October 17, 2016
By Silver Krieger
New York, NY – The Workers Unite! Film Festival has as its mission to Educate, Illuminate, and Motivate workers around the world. Now in its sixth year, it continues to expand both its size and its reach, in a celebration of Global Labor Solidarity.
LaborPress sat down with its founder, Executive Director Andrew Tilson, and one of its partners, Catta Chou, a founder of the Taiwan International Labor Film Festival, to learn more about its history, current initiatives, and the commonalities of workers across the globe.
“I came from the Murphy Institute for Worker Education and Labor Studies, which is now part of CUNY’s School of Professional Studies,” says Tilson. As stated on its website, “The Joseph S. Murphy Institute for Worker Education and Labor Studies offers higher education programs for working adults and union members, and serves as a resource center to labor, academic, and community leaders seeking a deeper understanding of labor and urban issues.” He had worked in the labor and health care fields, and also studied documentary filmmaking, working on a film on the Taxi Workers Alliance. All this experience came together, and, as he says, he “realized there was no labor film festival in New York.” His healthcare contacts helped him find financing to put on such a festival, initially for just a weekend in 2011, and then in 2012 expanding to a week, with showings at the Cinema Village in Manhattan. Now, it’s four weeks long, and last year, featured eighty films and fifty accompanying programs, including music and multimedia. Screenings are held in the Bronx, Brooklyn, Manhattan and Queens. The expansion is crucial to its goal, to, in Tilson’s words, “Get people involved in current labor campaigns, and to pay attention and organize.” He wants the act of sitting and looking at a screen to be just the beginning.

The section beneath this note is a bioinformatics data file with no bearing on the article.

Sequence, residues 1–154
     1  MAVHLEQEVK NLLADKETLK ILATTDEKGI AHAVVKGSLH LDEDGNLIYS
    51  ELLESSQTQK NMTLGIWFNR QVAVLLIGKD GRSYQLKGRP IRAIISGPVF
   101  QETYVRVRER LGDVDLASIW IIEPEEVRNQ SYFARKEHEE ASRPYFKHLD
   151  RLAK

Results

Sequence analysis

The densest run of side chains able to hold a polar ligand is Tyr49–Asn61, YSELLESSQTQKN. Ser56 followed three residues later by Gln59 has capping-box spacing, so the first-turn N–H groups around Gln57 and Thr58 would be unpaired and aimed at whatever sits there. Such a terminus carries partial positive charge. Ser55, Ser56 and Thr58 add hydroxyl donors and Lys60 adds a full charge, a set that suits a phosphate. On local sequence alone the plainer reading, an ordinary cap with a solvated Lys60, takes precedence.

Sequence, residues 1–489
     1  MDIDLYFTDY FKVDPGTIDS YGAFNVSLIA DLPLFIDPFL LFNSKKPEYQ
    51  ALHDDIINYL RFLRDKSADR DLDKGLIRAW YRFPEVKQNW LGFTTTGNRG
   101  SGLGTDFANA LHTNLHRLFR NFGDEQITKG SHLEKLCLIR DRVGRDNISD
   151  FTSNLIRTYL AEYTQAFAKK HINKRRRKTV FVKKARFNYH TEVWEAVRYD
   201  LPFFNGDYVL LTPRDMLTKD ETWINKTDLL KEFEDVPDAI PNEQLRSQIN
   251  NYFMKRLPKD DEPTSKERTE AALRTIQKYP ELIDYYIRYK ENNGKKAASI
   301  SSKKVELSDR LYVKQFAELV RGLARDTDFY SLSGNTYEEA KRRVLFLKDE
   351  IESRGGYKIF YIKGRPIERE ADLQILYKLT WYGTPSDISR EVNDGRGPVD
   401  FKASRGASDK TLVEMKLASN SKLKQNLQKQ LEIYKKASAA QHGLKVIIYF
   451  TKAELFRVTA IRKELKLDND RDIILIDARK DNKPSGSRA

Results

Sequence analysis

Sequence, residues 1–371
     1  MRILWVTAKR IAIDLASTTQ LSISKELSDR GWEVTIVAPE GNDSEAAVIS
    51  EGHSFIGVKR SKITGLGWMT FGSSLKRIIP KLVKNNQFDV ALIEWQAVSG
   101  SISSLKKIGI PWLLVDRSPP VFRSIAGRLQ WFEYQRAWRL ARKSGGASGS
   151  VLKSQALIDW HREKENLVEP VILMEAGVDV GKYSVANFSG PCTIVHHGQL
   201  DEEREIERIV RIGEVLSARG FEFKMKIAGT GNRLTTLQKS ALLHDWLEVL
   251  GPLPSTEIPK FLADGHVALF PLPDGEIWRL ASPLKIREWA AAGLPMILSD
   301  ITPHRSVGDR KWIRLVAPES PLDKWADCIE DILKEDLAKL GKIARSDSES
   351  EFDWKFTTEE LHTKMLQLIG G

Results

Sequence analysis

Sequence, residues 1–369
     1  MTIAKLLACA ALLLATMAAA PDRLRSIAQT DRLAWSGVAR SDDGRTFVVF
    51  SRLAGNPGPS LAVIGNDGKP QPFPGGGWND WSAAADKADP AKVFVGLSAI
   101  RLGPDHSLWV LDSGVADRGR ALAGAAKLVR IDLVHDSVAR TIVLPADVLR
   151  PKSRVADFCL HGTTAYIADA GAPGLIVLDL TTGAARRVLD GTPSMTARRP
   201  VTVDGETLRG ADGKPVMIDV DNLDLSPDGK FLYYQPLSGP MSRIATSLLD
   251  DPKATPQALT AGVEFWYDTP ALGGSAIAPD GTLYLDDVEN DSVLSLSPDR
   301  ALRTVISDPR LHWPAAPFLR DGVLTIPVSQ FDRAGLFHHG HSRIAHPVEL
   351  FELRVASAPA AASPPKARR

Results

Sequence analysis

Global expansion began about four years ago, says Tilson, when Chris Garlock, the Director of the DC Labor Film Festival decided to bring together worker and labor film festivals all over the world, and “now we meet at the headquarters of the AFL-CIO as the Global Labor Film Festival Conference. It allows us to get together with colleagues around the world who do this.” That’s also how he met Catta Chou, who, as well as her involvement with the Taiwan International Labor Film Festival, is also the President of Youth Labor Union 95, an activist group (not a union), based in Taipei, Taiwan. She has proved to be the link in providing a way for Chinese workers in America to view American films, by providing subtitles she herself translated. Says Tilson, “An intern at the Murphy Institute put me in touch with groups in Chinatown that work with low wage workers. We had in the past screened films from China that were about labor. The leader of a Chinese labor group requested films about American stories about struggles and union workers, but they’d need to be subtitled in Mandarin. Then I remembered Catta!”
Working with Chou, they were able to successfully subtitle and screen a number of films about organizers, unions, and workers, including one titled, “The Hand That Feeds” about the organizing of workers in a pizza shop on the Upper East Side, and “Schoolidarity” about a teacher’s union. Tilson says this “opened up a lot of borders and exchanges.” In the past, he says, “we had screened films about labor from China,” but this was the first time the American films could be seen by workers who needed subtitles.
The 2017 Festival will be held from May 5th through May 25th. For further information, see their website, at www.workersunitefilmfestival.org.